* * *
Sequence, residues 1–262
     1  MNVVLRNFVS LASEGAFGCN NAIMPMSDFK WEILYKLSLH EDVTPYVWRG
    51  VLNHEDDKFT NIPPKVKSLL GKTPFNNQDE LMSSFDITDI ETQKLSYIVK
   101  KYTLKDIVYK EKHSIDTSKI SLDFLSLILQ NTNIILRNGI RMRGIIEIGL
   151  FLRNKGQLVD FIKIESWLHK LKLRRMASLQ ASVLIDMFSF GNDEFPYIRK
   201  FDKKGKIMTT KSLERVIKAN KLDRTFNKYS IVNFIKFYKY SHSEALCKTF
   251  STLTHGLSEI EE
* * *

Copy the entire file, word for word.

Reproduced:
Sequence, residues 1–262
     1  MNVVLRNFVS LASEGAFGCN NAIMPMSDFK WEILYKLSLH EDVTPYVWRG
    51  VLNHEDDKFT NIPPKVKSLL GKTPFNNQDE LMSSFDITDI ETQKLSYIVK
   101  KYTLKDIVYK EKHSIDTSKI SLDFLSLILQ NTNIILRNGI RMRGIIEIGL
   151  FLRNKGQLVD FIKIESWLHK LKLRRMASLQ ASVLIDMFSF GNDEFPYIRK
   201  FDKKGKIMTT KSLERVIKAN KLDRTFNKYS IVNFIKFYKY SHSEALCKTF
   251  STLTHGLSEI EE